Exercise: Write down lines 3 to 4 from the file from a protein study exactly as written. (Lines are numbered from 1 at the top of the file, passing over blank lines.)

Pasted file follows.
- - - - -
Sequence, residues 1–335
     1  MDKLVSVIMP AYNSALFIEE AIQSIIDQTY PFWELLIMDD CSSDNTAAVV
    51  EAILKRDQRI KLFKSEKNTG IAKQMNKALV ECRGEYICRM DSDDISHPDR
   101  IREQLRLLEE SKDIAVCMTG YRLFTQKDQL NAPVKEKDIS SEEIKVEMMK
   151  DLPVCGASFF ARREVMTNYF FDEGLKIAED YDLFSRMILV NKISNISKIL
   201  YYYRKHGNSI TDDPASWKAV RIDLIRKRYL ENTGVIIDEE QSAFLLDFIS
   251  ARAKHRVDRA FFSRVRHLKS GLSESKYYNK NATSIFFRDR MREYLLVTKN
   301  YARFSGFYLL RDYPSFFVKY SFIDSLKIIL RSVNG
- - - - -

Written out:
    51  EAILKRDQRI KLFKSEKNTG IAKQMNKALV ECRGEYICRM DSDDISHPDR
   101  IREQLRLLEE SKDIAVCMTG YRLFTQKDQL NAPVKEKDIS SEEIKVEMMK